Asbestos in your ceiling?

By
Real Estate Agent with Jack White Real Estate 15598

Want to modernize your home? Look up.  If you have the dreaded acoustic ceiling called "popcorn" or "cottage cheese," you can start there. They give them house a dated appearance and affect a house's value. Buyers just hate them.

More than an eyesore
If you want to remove an acoustic ceiling, you'll first need to determine whether it contains asbestos. Asbestos was used as a binder in many construction materials before it was banned in 1978 for posing health risks such as cancer and respiratory disease. You're not required by law to test for asbestos, but the Environmental Protection Agency strongly recommends it. 

If your home was built prior to 1979, the chances are very good that your popcorn ceiling contains asbestos. In fact, it's not uncommon to find asbestos in acoustic ceilings installed in the 1980s because existing inventories were exempt from the 1978 ban.

You can test for asbestos by submitting samples to a laboratory. The cost is minimal and labs are generally listed in the Yellow Pages under "Asbestos -- Consulting and Testing."

Obtaining a ceiling sample is not difficult:

  • Using a spray bottle, thoroughly wet three or four small ceiling areas with water mixed with a few drops of liquid detergent.
  • With a putty knife, carefully scrape about one square inch of "popcorn" from each area into a sealable plastic bag.

If the lab results are negative, meaning less than 1% asbestos was found in the sample, the EPA recommends taking two additional samples to confirm the analysis.

If you have asbestos ...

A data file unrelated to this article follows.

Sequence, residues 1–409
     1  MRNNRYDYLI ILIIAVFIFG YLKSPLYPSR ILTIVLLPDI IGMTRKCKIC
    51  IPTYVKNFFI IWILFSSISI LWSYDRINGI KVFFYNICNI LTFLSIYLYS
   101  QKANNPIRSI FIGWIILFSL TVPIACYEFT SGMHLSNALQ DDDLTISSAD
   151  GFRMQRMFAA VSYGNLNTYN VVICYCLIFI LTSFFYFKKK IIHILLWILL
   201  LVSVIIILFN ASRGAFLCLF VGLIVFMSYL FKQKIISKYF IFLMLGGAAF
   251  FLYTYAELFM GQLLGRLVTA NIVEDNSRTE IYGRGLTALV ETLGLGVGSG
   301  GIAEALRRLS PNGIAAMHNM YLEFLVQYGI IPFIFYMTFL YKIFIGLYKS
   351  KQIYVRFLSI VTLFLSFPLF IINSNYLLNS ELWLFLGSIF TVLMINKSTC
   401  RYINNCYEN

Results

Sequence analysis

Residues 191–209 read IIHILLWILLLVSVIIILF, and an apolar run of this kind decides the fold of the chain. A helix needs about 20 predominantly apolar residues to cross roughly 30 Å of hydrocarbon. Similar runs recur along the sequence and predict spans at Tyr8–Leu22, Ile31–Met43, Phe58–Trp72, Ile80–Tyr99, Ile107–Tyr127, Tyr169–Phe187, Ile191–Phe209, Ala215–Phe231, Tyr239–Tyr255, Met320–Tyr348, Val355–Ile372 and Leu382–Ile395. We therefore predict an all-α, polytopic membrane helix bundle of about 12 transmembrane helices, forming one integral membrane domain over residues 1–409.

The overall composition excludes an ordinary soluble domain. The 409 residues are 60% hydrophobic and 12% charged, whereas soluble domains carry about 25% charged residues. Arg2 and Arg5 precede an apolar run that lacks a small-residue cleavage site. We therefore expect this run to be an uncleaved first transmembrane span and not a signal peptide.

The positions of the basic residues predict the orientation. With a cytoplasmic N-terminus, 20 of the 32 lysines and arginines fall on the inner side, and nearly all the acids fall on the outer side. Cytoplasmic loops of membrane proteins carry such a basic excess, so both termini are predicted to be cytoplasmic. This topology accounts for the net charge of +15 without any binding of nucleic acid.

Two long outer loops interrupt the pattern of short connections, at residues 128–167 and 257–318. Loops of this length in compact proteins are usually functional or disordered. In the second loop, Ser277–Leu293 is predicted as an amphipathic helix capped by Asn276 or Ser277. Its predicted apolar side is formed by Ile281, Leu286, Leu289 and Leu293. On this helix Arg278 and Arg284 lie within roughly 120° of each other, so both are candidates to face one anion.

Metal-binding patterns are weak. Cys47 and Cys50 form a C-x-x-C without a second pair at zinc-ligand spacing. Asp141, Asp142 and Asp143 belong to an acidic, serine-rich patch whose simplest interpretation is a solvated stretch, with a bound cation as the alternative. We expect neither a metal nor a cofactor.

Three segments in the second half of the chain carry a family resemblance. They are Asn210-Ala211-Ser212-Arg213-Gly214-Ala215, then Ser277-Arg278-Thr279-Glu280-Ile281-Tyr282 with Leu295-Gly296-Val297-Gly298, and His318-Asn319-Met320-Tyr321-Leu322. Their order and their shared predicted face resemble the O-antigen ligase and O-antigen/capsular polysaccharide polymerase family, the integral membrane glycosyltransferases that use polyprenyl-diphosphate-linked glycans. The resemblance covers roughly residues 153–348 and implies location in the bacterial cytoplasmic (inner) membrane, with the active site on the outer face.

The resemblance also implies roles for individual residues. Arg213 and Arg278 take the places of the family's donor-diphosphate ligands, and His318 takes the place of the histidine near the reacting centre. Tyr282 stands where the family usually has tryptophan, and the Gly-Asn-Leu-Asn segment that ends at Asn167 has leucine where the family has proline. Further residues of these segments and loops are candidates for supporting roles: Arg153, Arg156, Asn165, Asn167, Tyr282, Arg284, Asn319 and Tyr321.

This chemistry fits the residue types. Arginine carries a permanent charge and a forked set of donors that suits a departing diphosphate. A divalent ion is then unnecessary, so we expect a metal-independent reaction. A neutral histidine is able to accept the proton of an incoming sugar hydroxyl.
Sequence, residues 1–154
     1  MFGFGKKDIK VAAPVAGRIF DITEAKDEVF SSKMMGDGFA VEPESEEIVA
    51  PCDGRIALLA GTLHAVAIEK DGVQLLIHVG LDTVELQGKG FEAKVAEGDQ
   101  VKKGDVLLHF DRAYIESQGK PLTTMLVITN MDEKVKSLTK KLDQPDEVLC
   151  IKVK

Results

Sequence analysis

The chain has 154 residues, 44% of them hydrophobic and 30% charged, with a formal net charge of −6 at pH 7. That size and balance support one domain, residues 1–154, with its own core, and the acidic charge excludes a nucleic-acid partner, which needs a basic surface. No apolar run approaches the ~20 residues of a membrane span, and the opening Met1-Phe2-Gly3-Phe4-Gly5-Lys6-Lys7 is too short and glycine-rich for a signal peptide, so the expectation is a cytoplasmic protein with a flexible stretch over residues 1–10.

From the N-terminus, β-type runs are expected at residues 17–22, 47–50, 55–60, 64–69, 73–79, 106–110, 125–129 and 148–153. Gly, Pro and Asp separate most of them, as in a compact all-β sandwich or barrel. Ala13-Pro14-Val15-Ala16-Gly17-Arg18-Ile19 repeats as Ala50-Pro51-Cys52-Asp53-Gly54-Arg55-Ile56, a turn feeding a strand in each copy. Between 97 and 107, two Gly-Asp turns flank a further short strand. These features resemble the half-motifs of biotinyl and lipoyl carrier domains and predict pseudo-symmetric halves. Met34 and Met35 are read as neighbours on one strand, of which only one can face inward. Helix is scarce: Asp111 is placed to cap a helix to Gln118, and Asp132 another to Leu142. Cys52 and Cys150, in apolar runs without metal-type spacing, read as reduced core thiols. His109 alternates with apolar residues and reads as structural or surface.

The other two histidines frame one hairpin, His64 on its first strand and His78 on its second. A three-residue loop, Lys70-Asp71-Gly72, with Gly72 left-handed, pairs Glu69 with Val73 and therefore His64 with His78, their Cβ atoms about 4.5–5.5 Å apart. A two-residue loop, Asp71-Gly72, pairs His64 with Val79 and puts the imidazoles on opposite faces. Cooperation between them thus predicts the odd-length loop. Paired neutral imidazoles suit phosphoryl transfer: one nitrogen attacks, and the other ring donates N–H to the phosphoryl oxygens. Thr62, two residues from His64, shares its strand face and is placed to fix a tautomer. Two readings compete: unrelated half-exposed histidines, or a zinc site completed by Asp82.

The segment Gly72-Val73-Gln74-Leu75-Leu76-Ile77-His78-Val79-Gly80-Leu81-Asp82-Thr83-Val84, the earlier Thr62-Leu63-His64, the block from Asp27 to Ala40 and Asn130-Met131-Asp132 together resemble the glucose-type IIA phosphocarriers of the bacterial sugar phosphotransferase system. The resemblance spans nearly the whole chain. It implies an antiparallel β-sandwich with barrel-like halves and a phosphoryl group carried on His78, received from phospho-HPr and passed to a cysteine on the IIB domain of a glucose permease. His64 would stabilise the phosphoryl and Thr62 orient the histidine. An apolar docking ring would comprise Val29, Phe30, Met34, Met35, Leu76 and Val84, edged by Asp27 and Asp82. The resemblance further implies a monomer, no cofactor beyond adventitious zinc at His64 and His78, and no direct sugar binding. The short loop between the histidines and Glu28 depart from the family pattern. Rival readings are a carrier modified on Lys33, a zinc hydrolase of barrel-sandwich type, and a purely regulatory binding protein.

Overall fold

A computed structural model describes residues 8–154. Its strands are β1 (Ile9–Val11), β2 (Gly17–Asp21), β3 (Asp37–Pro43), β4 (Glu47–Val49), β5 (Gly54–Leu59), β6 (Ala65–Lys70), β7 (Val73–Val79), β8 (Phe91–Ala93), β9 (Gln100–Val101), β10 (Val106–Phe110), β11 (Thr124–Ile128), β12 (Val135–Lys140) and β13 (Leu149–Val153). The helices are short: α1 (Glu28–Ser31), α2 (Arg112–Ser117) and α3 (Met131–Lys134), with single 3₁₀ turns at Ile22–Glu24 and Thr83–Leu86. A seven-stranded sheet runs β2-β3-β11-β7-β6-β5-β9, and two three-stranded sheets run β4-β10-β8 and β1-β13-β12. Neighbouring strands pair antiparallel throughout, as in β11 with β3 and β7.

there are only two ways to deal with it safely and legally:

  •  You can encapsulate the asbestos with a new layer of non-asbestos acoustic sprayed over the top of the existing ceiling. This is the most economical solution to the asbestos problem, but still leaves your home with that dated look.
  • The pricier solution is to have a certified asbestos-abatement company remove the finish and then have the wallboard retextured and painted. Cost for having professionals remove asbestos can run into several thousands of dollars.
  • It is illegal to paint an asbestos-containing acoustic ceiling because rolling or spraying can release the harmful fibers into the air, where they can then be inhaled. Paint is not an efficient way to encapsulate asbestos fibers, according to the EPA.

While it is not illegal to remove your asbestos-positive ceiling yourself, there are no known safe levels of asbestos exposure and the EPA recommends strongly against doing so. If you decide to remove it on your own anyway, you'll need to use special HEPA filter respirators, disposable protective clothing, rubber boots and eye protection. And you must use special containment bags for all debris and dispose of them only at sites licensed for asbestos. (Full guidelines are available from most state health departments or air-quality agencies.)

What if the sample comes back clean? More to follow...

Posted by

Marianne 907-529-6602

Comments (1)

Anonymous
Tom

Nice plagiarism!

http://realestate.msn.com/article.aspx?cp-documentid=13108036

 

Nov 16, 2011 02:55 PM
#1